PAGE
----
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Many seniors consider it important to maintain their independence and choose to live alone. Doing so provides privacy and peaceful surroundings. But, this can lead social isolation, which is common among seniors who live alone. It’s important for them to know social isolation effects on mental health.
Plenty of seniors have close family that visit, and that helps to keep seniors socializing with others. Due to the recent global COVID-19 pandemic, visits from family members have reduced, and these extended periods of time with few to no visitors could be bad for a senior’s mental health.
What Defines Social Isolation
The U.S. Centers for Disease Control (CDC) says social isolation occurs whenever someone feels lonely and isolated. Older adults are prone to social isolation and run a greater risk of suffering from dementia when they are not capable of getting around due to health issues.
They also say more than a third of adults surveyed who are over age 45 report being lonely, which can get worse with age, and about a fourth of all senior citizens are socially isolated due to little interaction with family and friends.
A 2018 survey conducted by Cigna showed loneliness afflicted about half of 20,000 adults surveyed. Cigna says the studies suggest an all-time high for social isolation is affecting adults and senior citizens. That was before the recent COVID-19 pandemic, which likely made the number rise.
Symptoms of Social Isolation in Seniors
Social isolation contributes to mental decline in seniors. Studies show seniors who talk with family and friends enjoy healthier bodies and minds. That is due to the mental engagement that goes along with social interaction. When the interaction is with people that a senior loves and cares for, it is beneficial.
But, when a senior is isolated and lonely, the potential for dementia becomes greater. Poor health and reduced mental faculties could make a senior more dependent upon nursing care.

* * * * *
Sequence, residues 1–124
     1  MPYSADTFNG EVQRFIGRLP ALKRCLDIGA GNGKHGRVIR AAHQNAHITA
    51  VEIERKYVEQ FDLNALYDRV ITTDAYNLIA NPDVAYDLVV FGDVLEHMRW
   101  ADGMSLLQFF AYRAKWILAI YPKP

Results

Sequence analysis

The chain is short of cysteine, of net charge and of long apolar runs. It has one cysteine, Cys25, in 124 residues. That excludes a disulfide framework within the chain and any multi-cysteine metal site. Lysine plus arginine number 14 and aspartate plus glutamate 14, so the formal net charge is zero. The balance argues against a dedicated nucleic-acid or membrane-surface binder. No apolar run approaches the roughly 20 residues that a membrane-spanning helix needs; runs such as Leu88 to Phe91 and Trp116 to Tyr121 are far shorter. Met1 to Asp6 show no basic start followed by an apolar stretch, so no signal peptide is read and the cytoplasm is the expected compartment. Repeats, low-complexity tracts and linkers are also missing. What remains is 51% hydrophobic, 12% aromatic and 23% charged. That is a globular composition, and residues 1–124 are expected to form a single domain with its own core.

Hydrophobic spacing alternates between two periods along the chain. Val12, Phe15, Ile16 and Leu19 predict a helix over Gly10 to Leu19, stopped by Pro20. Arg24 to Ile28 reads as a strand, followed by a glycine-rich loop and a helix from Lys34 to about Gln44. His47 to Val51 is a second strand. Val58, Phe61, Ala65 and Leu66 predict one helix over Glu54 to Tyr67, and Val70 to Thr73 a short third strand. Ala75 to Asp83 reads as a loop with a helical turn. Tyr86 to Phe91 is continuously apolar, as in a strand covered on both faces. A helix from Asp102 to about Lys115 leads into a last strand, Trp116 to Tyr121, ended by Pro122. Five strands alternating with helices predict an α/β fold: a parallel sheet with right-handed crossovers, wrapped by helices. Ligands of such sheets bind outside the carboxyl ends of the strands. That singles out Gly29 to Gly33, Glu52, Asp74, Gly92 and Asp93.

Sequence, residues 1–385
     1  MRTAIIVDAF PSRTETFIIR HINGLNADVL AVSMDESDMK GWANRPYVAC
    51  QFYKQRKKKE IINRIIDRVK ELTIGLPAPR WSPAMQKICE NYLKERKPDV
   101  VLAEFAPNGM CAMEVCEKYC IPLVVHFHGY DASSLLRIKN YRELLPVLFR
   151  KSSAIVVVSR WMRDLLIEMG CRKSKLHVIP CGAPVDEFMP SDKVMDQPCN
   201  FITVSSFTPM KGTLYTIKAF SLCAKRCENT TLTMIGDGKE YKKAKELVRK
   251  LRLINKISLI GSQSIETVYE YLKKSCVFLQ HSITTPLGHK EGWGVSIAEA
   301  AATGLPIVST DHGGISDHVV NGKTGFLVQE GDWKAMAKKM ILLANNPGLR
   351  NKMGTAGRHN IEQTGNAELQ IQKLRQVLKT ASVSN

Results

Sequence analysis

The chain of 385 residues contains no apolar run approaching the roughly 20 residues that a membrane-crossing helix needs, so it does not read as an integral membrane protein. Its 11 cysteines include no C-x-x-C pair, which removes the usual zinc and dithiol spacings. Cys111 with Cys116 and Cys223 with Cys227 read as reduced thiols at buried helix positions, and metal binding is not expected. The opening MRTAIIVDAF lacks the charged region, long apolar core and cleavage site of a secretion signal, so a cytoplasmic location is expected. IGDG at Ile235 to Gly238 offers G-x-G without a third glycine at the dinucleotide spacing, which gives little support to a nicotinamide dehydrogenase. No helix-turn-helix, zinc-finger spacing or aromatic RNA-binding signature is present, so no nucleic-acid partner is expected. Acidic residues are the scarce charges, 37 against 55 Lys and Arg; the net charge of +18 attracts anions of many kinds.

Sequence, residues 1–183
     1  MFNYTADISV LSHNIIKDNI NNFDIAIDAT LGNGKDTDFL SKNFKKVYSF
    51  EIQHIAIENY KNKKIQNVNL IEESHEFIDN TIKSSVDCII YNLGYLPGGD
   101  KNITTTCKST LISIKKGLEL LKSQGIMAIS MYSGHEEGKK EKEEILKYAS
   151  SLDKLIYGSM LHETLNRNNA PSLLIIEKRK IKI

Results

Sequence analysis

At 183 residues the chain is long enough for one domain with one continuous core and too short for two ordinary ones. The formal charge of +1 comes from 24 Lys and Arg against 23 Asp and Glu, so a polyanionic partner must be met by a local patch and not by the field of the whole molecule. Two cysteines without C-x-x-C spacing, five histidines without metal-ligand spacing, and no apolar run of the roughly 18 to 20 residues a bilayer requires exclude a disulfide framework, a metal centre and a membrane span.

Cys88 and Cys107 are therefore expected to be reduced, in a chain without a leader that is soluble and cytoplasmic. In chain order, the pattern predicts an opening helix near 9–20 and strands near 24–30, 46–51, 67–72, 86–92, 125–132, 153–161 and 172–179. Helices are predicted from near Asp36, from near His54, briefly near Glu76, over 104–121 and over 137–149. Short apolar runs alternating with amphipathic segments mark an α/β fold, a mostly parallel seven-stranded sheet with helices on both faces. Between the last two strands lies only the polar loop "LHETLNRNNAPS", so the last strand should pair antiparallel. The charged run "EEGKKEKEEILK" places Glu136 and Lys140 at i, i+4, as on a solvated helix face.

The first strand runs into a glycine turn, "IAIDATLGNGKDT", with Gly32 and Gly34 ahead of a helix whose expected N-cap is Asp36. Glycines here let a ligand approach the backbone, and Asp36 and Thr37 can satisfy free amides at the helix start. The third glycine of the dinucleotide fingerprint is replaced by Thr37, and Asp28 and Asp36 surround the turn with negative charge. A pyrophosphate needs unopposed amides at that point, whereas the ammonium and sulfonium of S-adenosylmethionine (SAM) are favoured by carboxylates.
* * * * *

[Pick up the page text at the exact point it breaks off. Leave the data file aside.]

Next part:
Common symptoms and signs of social isolation effects on mental health include:
- Anxiety and panic due to potential social interaction.
- Limiting contact with others while spending a lot of time alone.
- Avoiding formerly enjoyable social events.
- Being distressed over social isolation but dreading social events.
Social interaction helps seniors to focus and use their minds and bodies while conversing and moving about. It sharpens their mental abilities while also making them active. The COVID-19 pandemic has been hard on seniors due to social isolation effects on mental health. Talking could reduce social isolation.
Seniors are vulnerable to COVID-19, which has made it important to prevent exposure from family members and others. Any pre-existing health conditions could become deadly if COVID-19 or other illnesses affect them. The resulting social isolation is something most seniors and their families never considered before the pandemic.
How You Can Help Seniors in Your Family
The COVID-19 pandemic requires extra caution when around vulnerable seniors. But it is very important for families to remain in close contact. Testing can help protect seniors while allowing their families to visit them.
You should try to call as often as possible and check on the wellbeing of family seniors. Even those who do not reside in a senior home or other care facility can get lonely if they live alone. Frequent phone calls from family and close friends can help to cut through the isolation. Pet therapy is another great great way to reduce loneliness in seniors.
One of the best methods of keeping in contact with elders in your family is using Zoom. If you don’t know, it’s a web call app much like Skype where you can have face to face interaction with friends and family. Greet your family senior with a smile on Zoom.
The effects of social isolation are bad for seniors. But you can look for symptoms and take steps to fend off loneliness and keep beloved seniors engaged. North Star Senior Advisors can help families to find viable solutions for helping seniors to stay healthy and engaged instead of isolated. Please feel free to contact us to learn more.